Distracting or relaxing? Demotivating or energizing? Healthy or unhealthy?
No one can seem to make up their mind about the open office. One year ago, an article from the New Yorker decried the negative effects of the open office. It reduces productivity, it causes workers to get more sick, it’s noisy and distracting – the list goes on. However, I recently interviewed the designers of a seemingly open office for Airbnb’s customer experience (CX) call center in Portland. First and foremost, they’ve tackled the noise problem with some ingenious architectural countermeasures such as a sound-dampening ceiling. The design also offers privacy when employees want it: individual desks and tiny “duck-ins” allow customer service agents to shut out the world when necessary. Other fun concepts, such as an employee-designed “team mantles,” have kept the space fresh and engaging.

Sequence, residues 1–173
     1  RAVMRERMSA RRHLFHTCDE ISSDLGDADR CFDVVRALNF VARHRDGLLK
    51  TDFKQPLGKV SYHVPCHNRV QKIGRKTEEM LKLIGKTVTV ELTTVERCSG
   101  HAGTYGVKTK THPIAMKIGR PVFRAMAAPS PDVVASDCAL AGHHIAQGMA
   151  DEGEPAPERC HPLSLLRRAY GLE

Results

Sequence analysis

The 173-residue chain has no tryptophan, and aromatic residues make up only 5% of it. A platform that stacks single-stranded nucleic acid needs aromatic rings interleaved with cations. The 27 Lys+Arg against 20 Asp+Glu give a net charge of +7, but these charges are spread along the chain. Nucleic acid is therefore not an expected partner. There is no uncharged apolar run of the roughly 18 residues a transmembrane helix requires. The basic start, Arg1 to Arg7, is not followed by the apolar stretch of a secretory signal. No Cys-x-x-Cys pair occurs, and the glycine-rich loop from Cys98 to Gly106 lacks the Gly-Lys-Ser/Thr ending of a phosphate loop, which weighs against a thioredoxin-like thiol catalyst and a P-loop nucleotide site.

I haven’t visited the office personally but the designers claim Airbnb’s employees love it. Perhaps this isn’t so much an “open office” but one simply well-designed to meet the needs of its users. The designers undertook an extensive research phase that helped them address the strengths and errors of the CX agents’ previous offices. When it comes to unique designs such as these, I’m reminded that the best design writing doesn’t quickly categorize and label a building, but rather demonstrates what makes it different and useful to understand.
Top Image: Airbnb’s Customer Experience Office in Portland. Photo credit Jeremy Bittermann.